JCB research indicates that electric charging costs for the 19C-1E will be 50% lower than fuel costs for a comparable diesel-powered machine over a five-year ownership period. Similarly, with fewer consumable spare parts and fluids, servicing costs could be 70% lower.
Cummins and Hyundai Construction Equipment have jointly developed an electric-powered mini-excavator. The collaboration reportedly combines the strengths of Hyundai CE’s versatile excavator design with Cummins’ lithium-ion battery technology and machine integration expertise.
Powered by Cummins BM4.4E flexible battery modules (4.4 kWh each), the 3.5-ton excavator is designed to operate for a full eight-hour shift and charge in under three hours. The machine eliminates all gaseous and particulate emissions and substantially reduces noise, making it ideal for use in urban and suburban construction.
The excavator contains eight BM4.4E modules connected in series to provide a total storage capacity of 35.2 kWh. Mounted in the base of the excavator, the modules combine high energy density and proprietary control technology to maintain the battery state-of-charge for a longer operating range. A modular design lets the system be built up and aligned to the duty cycle of the excavator.
The goal is to design electrified products that match or exceed the reliability and performance of their diesel counterparts. The prototype machine is being tested to optimize performance, prove the structural integrity and enhance marketability.
Kobelco displayed a 1.7-ton electric mini-excavator concept at last year’s bauma exhibition. The unit builds on previous developments in hybrid and electric technologies, such as the iNDr (Integrated Noise and Dust Reduction Cooling System) and innovative high-efficiency hydraulic systems.
The 17SR unit reportedly combines Kobelco’s expertise in developing efficient construction machinery for urban jobsites with Deutz’s electric-drive technology. The objective is to manufacture a fully-electric mini excavator that will perform at the top of its class and deliver zero emissions, extremely low noise operation, reduced life-cycle costs and long battery life.
Kobelco expects to launch the 17SR in 2021. The company’s long-term objective is to further expand its machinery line-up to include more electric-driven excavators and help promote a sustainable society.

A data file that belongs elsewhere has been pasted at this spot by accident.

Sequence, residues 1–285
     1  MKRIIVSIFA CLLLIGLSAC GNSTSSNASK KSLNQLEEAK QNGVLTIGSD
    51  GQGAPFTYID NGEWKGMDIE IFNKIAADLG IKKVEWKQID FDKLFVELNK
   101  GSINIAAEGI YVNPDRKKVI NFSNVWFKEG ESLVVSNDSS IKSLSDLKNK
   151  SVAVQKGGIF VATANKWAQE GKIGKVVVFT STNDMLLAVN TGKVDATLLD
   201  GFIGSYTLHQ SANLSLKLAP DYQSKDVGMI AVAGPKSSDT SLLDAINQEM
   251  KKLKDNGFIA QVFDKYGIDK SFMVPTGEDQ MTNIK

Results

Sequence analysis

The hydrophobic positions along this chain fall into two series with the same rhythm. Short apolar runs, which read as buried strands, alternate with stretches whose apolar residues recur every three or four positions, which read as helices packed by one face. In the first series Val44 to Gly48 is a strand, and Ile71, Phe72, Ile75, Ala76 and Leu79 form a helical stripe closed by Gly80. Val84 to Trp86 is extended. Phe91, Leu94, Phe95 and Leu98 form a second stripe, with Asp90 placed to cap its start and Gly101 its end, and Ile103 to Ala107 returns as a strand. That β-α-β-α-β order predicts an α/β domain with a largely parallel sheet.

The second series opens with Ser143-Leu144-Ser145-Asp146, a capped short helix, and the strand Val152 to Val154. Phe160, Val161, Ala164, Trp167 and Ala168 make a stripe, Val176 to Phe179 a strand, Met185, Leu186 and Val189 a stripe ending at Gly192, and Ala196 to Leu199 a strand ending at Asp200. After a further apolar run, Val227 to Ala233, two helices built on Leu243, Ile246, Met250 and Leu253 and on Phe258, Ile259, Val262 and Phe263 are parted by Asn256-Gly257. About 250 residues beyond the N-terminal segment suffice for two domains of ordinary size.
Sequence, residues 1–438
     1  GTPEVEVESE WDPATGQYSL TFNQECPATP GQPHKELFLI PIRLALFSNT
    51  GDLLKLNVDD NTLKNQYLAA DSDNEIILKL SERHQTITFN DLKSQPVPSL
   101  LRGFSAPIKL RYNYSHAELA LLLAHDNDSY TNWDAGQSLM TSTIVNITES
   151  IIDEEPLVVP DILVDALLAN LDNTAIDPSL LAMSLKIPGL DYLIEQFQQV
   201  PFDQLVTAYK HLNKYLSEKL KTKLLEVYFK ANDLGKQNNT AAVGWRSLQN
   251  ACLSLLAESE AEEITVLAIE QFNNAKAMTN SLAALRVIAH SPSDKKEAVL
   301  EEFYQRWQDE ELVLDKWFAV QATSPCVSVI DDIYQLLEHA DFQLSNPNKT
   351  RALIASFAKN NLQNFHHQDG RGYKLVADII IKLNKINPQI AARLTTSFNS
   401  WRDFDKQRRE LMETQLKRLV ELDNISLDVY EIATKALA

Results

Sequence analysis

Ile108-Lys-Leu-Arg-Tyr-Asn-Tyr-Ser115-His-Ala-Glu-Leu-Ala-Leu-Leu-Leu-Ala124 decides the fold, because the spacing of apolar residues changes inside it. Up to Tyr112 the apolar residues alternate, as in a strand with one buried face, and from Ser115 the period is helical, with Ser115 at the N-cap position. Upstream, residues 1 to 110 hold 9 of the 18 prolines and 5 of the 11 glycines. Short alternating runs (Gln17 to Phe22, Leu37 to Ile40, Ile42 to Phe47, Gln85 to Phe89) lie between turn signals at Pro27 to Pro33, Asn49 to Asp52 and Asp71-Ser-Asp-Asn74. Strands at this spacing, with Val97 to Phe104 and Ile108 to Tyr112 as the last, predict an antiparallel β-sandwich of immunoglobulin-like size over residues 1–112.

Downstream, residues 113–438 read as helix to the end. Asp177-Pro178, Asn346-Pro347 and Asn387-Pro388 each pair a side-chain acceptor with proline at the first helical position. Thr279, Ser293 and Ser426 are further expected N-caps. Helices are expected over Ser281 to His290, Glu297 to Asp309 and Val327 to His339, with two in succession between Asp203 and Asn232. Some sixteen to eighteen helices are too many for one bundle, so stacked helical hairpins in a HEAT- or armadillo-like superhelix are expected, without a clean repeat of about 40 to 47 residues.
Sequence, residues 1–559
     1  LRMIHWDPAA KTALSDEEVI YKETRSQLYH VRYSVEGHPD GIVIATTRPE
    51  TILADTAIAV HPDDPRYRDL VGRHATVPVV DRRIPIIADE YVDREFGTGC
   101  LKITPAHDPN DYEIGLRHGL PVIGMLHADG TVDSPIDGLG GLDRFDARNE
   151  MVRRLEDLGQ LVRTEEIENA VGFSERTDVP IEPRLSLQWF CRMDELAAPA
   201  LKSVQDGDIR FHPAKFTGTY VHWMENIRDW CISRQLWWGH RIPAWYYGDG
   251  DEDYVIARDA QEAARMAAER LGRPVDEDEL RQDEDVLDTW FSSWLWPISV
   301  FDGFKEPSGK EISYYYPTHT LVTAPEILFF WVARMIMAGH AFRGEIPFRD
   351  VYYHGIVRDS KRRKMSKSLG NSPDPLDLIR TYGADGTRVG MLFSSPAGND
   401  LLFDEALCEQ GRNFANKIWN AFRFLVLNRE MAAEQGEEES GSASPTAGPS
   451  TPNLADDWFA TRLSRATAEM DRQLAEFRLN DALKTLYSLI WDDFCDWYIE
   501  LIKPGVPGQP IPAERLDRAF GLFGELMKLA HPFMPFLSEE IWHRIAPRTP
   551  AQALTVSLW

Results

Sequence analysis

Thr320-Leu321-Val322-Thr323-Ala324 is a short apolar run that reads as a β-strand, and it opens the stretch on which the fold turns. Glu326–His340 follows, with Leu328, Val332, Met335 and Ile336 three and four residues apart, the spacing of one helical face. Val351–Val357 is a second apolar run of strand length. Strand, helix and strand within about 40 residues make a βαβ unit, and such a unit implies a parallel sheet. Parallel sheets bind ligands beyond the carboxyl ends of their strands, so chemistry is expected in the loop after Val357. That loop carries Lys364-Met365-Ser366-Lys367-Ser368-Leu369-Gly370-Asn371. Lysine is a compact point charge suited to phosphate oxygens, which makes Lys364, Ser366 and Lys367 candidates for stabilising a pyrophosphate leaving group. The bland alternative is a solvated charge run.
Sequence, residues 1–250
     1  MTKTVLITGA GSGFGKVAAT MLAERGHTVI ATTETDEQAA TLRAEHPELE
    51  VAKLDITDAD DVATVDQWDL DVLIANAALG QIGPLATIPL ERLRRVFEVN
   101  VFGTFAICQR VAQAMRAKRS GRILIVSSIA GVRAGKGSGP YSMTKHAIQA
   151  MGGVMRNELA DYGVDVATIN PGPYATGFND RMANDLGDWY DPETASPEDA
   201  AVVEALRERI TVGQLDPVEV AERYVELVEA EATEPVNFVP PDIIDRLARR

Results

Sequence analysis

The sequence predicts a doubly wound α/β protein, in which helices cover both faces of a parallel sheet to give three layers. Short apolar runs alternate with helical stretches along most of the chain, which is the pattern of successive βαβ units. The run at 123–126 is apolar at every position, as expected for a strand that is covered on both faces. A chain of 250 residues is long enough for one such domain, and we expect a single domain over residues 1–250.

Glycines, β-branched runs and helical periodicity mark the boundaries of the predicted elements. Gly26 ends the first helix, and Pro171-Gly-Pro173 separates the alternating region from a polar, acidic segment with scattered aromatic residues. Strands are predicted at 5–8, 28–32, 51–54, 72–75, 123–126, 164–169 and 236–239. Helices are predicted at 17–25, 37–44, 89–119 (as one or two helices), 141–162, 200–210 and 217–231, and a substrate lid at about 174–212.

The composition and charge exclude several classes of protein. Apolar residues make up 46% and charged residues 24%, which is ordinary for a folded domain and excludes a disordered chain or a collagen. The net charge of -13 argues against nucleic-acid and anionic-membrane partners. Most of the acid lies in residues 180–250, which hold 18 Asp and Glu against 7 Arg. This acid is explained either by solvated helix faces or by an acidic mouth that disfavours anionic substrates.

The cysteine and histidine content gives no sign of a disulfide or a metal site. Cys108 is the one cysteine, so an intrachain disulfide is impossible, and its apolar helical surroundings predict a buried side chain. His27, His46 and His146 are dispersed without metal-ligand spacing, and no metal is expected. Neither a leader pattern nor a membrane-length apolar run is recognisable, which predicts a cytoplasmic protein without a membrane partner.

Komatsu has demonstrated an electric-motor/lithium-ion powered mini-excavator that mirrors a diesel-based PC30MR-5 machine. The design is based on existing Komatsu fork-lift and hybrid technology, the only difference is that the hydraulics are driven by electric motors.
The circuits include two variable-displacement piston pumps producing 18.3 gpm for boom, arm, bucket and travel operations; and two gear pumps for swing and blade functions with flows up to 5 gpm. The systems are rated in the 3,000 psi range. Variable-displacement piston motors are integral for the hydrostatic travel drive, and fixed-displacement piston motors for swing.
With a power rating of 18.5 kW, the machine has the same rating as the diesel version. Performance is the same in terms of digging power and speed, and it operates virtually without discernable noise. However, it does have better stability as it weighs a bit more.
In light to medium-duty application conditions it will work for up to six hours. In extreme conditions, it may need recharging in as little as 2.5 hours. With standard power, it recharges overnight; a fast-charging system permits recharging in an hour. The prototype machine is currently on test at customer sites in Japan.
Kubota’s KC70-4e electric mini-crawler dumper reportedly matches the performance of similar machines that run on diesel, but lets users work in settings where emissions or noise levels may restrict equipment. The KC70-4e is equipped with a 4.8 kWh lithium battery and has a payload capacity of 1,550 lb.
The transmission in this machine has been changed from hydraulic to electric, with two CTE2010 motors that operate at 48 V. With a width of 30 in., the electric mini-dumper has a robust and consolidated lower frame that makes the machine easy to maneuver, permitting operational ease across a range of jobs and settings. The KC70-4e will be available in select markets in early 2020.